Friday Offcuts – 27 March 2009

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In a lead story this week we report on the first sale of NZUs - and the world's first sale of forestry credits - that's just taken place. The 50,000 tonnes of 2008 NZU's sold at $NZ20 a tonne - subject to delivery of credits to forestry owners who have registered with the Emissions Trading Scheme. The parties involved in the transaction are both NZ companies, one a NZ forest owner. The transaction is quite significant in that it is believed to be the first sale of compliance forestry credits anywhere in the world. It's also likely to have price setting implications.

In a Carbon News story this week, NZ Forest Owners' Association chief executive David Rhodes says that his members have welcomed the sale. Rhodes said that many forest owners however are still waiting for the ETS review to be completed and for greater certainty around the allocations of credits before committing to the process of registering. It has also been reported this week that at least two significant owners of post-1989 forests are seeking to engage with Japanese emitters with a view of selling New Zealand sequestration units offshore as AAUs.

In another story this week we cover the basic differences between the Australian and New Zealand emissions trading schemes as they currently stand. If harmonisation of the two countries planned schemes occurs - as has been suggested by the Australian and New Zealand Climate Change Ministers last Thursday - then forestry and agriculture are likely to be excluded. What's more, it appears that Kiwi forest owners could well stand to lose millions if the scheme is confined only to the trans-Tasman markets. As detailed below, NZUs at the moment can be traded freely worldwide.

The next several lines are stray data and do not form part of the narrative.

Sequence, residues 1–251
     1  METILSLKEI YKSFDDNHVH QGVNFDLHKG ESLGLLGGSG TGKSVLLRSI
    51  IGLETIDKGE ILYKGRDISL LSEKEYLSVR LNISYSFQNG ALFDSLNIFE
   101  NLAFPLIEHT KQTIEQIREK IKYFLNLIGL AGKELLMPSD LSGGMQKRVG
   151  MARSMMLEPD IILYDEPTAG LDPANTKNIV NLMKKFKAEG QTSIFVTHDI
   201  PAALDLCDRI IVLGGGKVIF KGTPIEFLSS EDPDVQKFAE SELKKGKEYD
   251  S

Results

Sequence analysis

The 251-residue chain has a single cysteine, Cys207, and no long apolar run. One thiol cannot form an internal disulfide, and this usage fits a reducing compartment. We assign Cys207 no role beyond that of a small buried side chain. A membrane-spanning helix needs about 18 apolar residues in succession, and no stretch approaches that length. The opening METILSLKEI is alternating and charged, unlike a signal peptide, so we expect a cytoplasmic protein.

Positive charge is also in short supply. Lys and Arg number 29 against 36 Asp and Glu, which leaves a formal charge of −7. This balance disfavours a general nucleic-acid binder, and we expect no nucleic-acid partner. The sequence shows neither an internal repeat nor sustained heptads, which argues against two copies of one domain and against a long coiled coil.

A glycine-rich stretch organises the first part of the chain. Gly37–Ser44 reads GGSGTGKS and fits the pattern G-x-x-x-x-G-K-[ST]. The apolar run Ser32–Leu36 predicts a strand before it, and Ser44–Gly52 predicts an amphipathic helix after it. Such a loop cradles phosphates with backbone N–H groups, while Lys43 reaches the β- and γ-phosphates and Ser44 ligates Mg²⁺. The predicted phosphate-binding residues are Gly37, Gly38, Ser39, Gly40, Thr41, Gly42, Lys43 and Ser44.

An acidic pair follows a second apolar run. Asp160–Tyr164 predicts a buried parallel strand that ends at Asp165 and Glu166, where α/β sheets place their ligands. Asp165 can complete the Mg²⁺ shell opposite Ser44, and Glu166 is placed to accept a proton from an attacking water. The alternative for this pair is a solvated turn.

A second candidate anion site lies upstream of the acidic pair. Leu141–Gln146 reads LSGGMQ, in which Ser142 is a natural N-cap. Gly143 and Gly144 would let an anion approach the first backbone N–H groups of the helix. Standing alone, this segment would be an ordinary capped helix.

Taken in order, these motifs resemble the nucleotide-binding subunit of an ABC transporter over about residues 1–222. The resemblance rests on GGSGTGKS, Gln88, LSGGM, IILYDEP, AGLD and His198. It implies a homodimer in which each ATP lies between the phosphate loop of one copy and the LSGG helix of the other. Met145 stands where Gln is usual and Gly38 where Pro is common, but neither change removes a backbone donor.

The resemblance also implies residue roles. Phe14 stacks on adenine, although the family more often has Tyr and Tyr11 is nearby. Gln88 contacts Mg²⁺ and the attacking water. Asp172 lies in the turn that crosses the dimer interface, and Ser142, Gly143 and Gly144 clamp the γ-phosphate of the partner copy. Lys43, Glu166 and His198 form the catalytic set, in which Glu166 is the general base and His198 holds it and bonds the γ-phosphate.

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Forestry credits sale marks world first

Carbon News 2009 reports that New Zealand's emissions trading scheme has had its first trade. The deal is believed to involve the first sale of forestry credits anywhere in the world, and is the first ETS transaction outside Europe.

The 50,000 tonnes of 2008 NZUs sold at $NZ20 a tonne, about 20 per cent down on the current price of certified emissions reductions (CERs, or offset credits from emissions reduction projects in developing countries). The deal is subject to the delivery of NZU credits to the forest owners who have registered for credits.

OMFinancial's Nigel Brunel, who brokered the deal, said that the trade signifies the real start of New Zealand's emissions trading scheme. "Many people seem to think that the emissions trading scheme is on hold, but it's law and it's operating, as this trade shows," he said. "It's important for people to see that real efforts are being made to create a liquid transparent market. This trade is the first step in that direction."

Brunel says that the units came from New Zealand forests. Neither the buyer nor seller wants to be identified, but Brunel confirmed that they are both New Zealand companies who have a desire to see a liquid carbon market up and running in New Zealand.

Brunel is not surprised that NZUs traded at a lower price than CERs, given the fact that CERs are liquid, global and fungible. NZUs can be traded only in the New Zealand ETS, but can be converted to AAUs (international units) on application. Forestry owners wanting to claim credits for 2008 must register with the Ministry of Agriculture and Forestry by 31 March. Source: Carbon News 2009

5 Australian Print Associations in new alliance